• Cutie Snoot deliberately sets up Goosers to make him look bad in front of his owner Claude in her debut episode "Feline Fatale", and tries (unsuccessfully) to sabotage her rival Snootie Cute's efforts to win in "The Good, The Bad and The Cutie".
    • Averted with Dander, Mister Mewser and Tiny Head, the latter of whom is the nicest character on the series, if a bit oblivious and insensitive.
  • Cats Are Superior: Mr. Mewser acts like a sophisticated gentleman and lives all by himself in a large Victorian mansion.
  • Cold Turkeys Are Everywhere: The episode "To Scratch or Not to Scratch" revolves around Dander trying to curb his instincts to scratch his owner's furniture, fearing being declawed if he fails.
  • Cute Kitten: Cutie Snoot. It's right there in her name!
  • Deliberately Monochrome: The entirety of "The Big Tuna Sausage Heist" is set in grayscale to fit the Film Noir homage.
  • The Faceless: Fittingly for a comedic animal-centered series paying homage to the likes of Tom and Jerry and Looney Tunes, all of the humans, with the exception of a very brief shot near the end of "Mewser Faces Realty", are only ever seen from the neck or waist down.
  • Formally-Named Pet: Mr. Mewser, despite not having an owner(s).
  • Here We Go Again!:
    • At the end of "High Wire High Jinks", the fire hydrant containing Sinister Squirrel which was shot into space earlier comes crashing back down into Goosers' yard, and when Goosers takes a look, a wet Sinister emerges from said hydrant and begins laughing maniacally...
    • In the opening skit before "Love Hurts", Cutie Snoot, after successfully getting her head free from the glass she was trying to drink from, makes the mistake of attempting it again, resulting in her head getting stuck in the glass once more.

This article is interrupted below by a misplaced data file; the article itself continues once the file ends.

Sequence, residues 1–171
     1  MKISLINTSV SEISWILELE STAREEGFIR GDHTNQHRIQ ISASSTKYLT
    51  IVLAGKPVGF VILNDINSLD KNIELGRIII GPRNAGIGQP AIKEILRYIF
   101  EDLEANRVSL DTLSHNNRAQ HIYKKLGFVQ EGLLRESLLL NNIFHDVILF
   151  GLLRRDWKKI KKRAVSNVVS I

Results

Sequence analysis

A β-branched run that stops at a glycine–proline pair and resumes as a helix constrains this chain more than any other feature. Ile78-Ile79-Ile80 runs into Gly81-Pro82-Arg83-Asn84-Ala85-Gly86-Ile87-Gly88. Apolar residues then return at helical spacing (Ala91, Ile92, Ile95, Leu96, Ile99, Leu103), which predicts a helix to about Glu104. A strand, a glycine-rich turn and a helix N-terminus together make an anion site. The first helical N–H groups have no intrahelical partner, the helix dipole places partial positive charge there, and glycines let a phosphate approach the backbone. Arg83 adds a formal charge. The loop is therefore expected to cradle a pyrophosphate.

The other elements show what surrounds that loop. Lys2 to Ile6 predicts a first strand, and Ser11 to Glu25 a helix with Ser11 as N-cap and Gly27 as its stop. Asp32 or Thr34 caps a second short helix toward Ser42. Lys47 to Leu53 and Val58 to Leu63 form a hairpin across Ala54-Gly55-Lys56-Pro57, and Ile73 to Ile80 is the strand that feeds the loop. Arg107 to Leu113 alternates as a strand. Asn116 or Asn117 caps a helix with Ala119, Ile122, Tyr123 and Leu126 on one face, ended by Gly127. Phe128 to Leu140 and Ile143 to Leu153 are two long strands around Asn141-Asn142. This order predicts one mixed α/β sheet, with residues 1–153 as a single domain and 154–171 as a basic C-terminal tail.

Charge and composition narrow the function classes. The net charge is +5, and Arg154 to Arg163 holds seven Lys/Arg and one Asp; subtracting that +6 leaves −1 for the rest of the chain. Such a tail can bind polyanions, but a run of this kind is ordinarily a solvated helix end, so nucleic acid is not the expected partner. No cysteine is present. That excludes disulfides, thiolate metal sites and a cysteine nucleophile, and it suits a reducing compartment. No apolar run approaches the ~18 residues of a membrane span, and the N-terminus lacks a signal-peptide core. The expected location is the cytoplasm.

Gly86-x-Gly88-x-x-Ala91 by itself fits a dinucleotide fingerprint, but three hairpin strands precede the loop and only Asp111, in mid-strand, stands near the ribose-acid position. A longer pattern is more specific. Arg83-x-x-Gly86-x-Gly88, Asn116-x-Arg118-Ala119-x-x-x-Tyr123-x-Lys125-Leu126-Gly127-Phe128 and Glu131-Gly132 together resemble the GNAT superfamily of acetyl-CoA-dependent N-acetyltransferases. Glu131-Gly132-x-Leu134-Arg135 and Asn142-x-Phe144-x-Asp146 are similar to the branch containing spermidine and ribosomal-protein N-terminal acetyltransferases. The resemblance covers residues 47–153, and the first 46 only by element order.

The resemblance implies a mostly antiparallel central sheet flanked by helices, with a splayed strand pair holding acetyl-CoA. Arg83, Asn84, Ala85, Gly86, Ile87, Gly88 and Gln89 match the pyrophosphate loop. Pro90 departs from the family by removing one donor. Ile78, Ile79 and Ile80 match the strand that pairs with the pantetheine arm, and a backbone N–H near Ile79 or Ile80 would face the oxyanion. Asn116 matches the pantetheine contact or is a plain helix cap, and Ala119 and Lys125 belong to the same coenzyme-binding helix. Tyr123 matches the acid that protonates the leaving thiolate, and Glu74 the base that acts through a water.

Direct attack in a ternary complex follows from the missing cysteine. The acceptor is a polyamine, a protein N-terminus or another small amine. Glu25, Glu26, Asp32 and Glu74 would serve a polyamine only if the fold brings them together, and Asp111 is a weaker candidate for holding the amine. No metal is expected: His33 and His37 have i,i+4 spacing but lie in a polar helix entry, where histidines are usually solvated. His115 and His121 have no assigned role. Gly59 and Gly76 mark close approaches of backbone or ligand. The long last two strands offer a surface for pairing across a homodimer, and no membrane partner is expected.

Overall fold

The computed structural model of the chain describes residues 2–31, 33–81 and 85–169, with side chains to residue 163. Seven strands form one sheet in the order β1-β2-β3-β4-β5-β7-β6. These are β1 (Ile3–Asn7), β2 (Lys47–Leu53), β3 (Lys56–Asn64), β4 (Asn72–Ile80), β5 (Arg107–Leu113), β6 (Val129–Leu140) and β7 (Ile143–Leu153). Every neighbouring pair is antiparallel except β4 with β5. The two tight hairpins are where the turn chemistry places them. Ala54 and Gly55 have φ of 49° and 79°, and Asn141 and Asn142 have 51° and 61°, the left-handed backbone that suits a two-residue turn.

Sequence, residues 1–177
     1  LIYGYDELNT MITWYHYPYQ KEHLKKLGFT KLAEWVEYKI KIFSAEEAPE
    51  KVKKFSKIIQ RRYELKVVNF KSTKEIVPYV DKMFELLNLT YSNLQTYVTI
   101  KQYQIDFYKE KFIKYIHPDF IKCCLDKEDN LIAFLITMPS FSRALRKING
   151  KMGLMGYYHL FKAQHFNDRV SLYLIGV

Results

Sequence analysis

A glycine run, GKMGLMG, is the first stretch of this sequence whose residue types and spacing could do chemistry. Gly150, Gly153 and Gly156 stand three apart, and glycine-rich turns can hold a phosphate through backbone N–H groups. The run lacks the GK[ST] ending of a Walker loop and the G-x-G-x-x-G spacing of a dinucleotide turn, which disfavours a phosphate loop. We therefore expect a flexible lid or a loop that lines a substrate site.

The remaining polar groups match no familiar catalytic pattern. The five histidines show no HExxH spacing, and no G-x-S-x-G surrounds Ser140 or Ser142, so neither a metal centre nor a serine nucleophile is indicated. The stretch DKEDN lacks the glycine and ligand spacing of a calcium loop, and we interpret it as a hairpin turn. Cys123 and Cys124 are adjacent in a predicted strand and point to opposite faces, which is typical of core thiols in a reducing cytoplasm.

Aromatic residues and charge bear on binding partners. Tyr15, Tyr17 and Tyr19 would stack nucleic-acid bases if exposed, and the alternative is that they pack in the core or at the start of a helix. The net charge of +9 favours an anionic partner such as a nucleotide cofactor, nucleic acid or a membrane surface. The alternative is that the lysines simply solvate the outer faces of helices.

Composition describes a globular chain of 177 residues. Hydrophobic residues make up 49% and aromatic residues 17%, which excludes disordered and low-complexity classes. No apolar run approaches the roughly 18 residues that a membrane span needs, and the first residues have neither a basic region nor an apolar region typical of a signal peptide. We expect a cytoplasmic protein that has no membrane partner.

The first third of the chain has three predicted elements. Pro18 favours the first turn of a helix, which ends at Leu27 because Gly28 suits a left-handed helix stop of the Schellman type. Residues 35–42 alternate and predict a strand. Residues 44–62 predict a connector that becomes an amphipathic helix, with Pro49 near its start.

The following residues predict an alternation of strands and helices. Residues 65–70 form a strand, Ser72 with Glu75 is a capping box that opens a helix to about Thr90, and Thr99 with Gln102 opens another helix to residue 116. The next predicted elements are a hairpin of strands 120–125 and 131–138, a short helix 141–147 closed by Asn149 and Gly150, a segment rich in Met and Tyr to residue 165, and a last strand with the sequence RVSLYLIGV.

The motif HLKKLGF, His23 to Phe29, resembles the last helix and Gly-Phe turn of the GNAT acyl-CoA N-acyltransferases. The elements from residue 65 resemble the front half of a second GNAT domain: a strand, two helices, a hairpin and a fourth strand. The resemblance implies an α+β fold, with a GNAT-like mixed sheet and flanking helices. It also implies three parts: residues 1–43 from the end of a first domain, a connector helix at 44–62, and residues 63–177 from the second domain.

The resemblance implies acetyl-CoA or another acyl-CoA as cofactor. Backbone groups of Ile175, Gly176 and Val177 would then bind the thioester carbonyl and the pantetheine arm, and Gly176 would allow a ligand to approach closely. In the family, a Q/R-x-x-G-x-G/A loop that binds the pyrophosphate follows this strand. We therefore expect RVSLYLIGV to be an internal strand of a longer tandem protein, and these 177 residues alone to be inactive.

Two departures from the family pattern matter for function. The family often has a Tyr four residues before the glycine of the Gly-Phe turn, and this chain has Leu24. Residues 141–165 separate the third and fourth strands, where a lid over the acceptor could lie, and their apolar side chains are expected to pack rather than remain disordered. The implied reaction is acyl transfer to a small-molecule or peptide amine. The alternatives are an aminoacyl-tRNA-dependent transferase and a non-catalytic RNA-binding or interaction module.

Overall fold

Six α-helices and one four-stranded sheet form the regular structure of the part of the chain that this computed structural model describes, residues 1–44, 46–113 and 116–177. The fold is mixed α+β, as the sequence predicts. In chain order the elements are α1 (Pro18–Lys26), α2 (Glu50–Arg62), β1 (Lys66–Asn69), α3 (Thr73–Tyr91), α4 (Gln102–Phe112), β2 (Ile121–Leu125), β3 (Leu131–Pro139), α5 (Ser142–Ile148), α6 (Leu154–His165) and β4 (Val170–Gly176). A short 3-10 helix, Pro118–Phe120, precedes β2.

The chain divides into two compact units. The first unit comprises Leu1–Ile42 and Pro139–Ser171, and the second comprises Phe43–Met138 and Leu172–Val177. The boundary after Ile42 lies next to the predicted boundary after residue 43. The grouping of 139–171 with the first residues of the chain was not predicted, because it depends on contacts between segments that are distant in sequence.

• "Attack of the Giant Mutant Bunny" ends with Goosers succumbing to the effects of the mutated vegetables Claude gives to him after having dealt with the similarly-mutated titular antagonist.
    • At the end of "Dark and Stormy Night", Yawp and Dander manage to flee from Mr. Mewser's manor and drive off in their car, but unfortunately for them, just when they think they're safe, Mewser suddenly pops up in the car behind them, thinking that they're going on a road trip, which sends Yawp and Dander into a screaming panic.
    • "Last Gasper" ends with Tiny Head finding Gasper at a pet store and deciding to take him in, thinking he is another fish while the latter tries unsuccessfully to convince him that he is Gasper.
  • Identity Amnesia: In "Don't Fear the Ripper", Von Ripper lands headfirst after a scuffle with Dine and Dash, changing him from a dangerous guard dog to a friendly pooch who likes the two cats and is even willing to help them gather lots of food. At the end of the episode, though, a bundle of cat food lands on his head after Dine and Dash's food stash lands on top of him, changing him back to his normal self and allowing him to give the two cat burglars what for.
  • Instrumental Theme Tune: Yes, there are cats and dogs heard singing along, but otherwise the theme song has no actual lyrics.
  • iSophagus: In "Love Hurts", Flouncie's squeaky toy ends up getting swallowed by her, and when she presses her stomach, the toy emits its squeak. At the end of the episode, it finally flies out of Flouncie after she lands on Goosers after tripping and stumbling, and Von Ripper inadvertently swallows the squeaky toy Goosers has been trying to give to her, resulting in him running off in a panic.
  • Meaningful Name:
    • Dine and Dash's names are a play on the term of the same name, which means to eat at a restaurant and leave without paying. As such, their whole schtick revolves around trying to steal food, usually failing in the process.
    • Tiny Head's name is a very blatant giveaway to his appearance.
  • Mistaken for Murderer: In "Dark and Stormy Night", Yawp and Dander seek refuge in Mr. Mewser's mansion to get out of the rain, but when they see the broken wooden statue of Edgar Allan Poe Mewser accidentally knocked down earlier, they believe it to be the corpse of an actual person and become paranoid that Mr. Mewser may be a murderer. Their fear is only made worse when they see Mewser feeding the remains of the aforementioned statue through a wood chipper.